A group of Alberta oil and gas supporters is planning a counter-rally Friday as Swedish teen activist Greta Thunberg brings her fight for a greener future to the home province of Canada’s energy industry.
Glen Carritt, who organized the United We Roll convoy that travelled to Ottawa in February, said a similar convoy will start in Red Deer, about 150 kilometres south of Edmonton, in the morning.
He said trucks are expected to arrive at the legislature in the Alberta capital at noon, when a climate rally is to begin with Ms. Thunberg.
“We don’t need any more celebrities coming here to tell us how to run our business,” Mr. Carritt said, referring to actors Leonardo DiCaprio and Jane Fonda, who have criticized the oilsands development in the region.
“We’re very frustrated and we’re frustrated at the fact that we still don’t have pipelines in the ground and we continue to buy foreign oil.”
The counter-rally is meant to be peaceful and show the pride of Alberta’s oil and gas sector, Mr. Carritt added.
“We just don’t need any more of these people coming in and telling us about our environmental standards when they don’t really know and understand it,” he said.
“I’m all for educating, if they’d like to learn about it. I’d love to sit down with [Ms. Thunberg] and ask her if she knows about … all the environmental standards that a small company and big corporations have to go through just to work in the oil industry.”
Ms. Thunberg, who is currently touring North America, has been making international headlines for accusing world leaders of letting down youth by doing little to tackle climate change.
The 16-year-old Stockholm student was in Montreal last month to take part in a global march for climate action, where hundreds of thousands of people attended.
Ms. Thunberg also met privately that day with Liberal Leader Justin Trudeau, and she told him the same thing she tells all world leaders: They are not doing nearly enough and need to listen to the science.
But in Alberta, Ms. Thunberg will find herself in the middle of a polarizing debate – how to prosper from the present-day carbon economy while preparing for a greener, low-carbon future.
United Conservative Premier Jason Kenney has said he hopes Ms. Thunberg recognizes efforts made by Alberta’s oil and gas industry to reduce its emissions.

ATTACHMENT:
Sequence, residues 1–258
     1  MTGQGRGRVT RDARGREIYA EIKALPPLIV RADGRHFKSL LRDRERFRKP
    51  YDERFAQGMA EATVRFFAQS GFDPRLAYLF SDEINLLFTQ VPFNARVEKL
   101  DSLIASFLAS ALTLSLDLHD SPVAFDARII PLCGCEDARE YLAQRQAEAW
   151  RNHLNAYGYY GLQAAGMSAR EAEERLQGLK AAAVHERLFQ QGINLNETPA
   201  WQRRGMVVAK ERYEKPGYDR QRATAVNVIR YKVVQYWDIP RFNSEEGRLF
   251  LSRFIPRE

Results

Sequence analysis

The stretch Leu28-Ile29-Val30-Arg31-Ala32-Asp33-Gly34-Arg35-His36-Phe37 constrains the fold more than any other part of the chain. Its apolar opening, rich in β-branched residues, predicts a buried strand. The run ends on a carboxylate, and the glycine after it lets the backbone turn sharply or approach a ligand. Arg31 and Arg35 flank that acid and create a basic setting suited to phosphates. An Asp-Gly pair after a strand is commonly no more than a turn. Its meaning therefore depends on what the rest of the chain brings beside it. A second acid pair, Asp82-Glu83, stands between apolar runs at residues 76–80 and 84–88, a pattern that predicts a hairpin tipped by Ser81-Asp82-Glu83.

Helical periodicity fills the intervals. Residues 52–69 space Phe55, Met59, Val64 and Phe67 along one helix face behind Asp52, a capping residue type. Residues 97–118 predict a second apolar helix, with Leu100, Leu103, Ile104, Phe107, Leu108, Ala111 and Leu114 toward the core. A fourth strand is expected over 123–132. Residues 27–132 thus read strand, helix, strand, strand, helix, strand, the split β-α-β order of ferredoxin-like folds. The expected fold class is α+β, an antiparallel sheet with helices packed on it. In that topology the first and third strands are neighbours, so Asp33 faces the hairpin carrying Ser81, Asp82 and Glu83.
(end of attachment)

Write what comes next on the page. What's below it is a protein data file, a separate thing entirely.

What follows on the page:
He also said he hopes she’s warmly welcomed in Edmonton, but he had no plans to meet with her.
Energy Minister Sonya Savage said that Ms. Thunberg is welcome in Alberta, but she understands why some in the province might be worried about her visit.
“We’re in a jobs crisis in Alberta, so Albertans are understandably concerned when they see their energy sector under attack,” Ms. Savage said Thursday. “But Albertans are very welcoming, hospitable and open. So we welcome anyone.”
A lot of the counter-rallies have been come from a place of fear, said Stephen Buhler of Climate Justice Edmonton, one of the groups organizing the protest with Ms. Thunberg.
“It can definitely be terrifying when somebody is threatening your job the way that they feel that Greta and other climate activists probably are,” said Mr. Buhler, who works as a machinist for a company that provides equipment to the oil and gas industry.
“What we’re calling for is not an end to their jobs, but a transition away from an oil and gas economy and transitioning into a zero-carbon economy that supports workers and makes sure that no one is left behind.”
Opposition NDP Leader Rachel Notley has said members of her caucus were at last month’s climate rally at the legislature and it’s possible they will also be there Friday.
Ms. Notley posted a letter Thursday on Twitter commending Ms. Thunberg for her advocacy and inviting the teen to meet with her.
“I know that there are issues which we may not agree, but I believe we share a commitment to acting to address climate change,” the former premier wrote.
Edmonton Mayor Don Iveson and Calgary Mayor Naheed Nenshi have both said they would meet with Ms. Thunberg to discuss their climate initiatives. The teen arrived in Calgary on Wednesday, but Mr. Nenshi said he did not get the chance to meet with her.
Cheryl Oxford, a spokeswoman for the Edmonton mayor, said in an e-mail that Ms. Thunberg has not yet responded to his invite.
Meanwhile, the city of Edmonton said it was working with police to ensure public safety and minimize disruptions.
“Traffic congestion in the downtown core is expected, and will affect transit service,” the city said in a statement. “Citizens are encouraged to take alternate routes if possible.”
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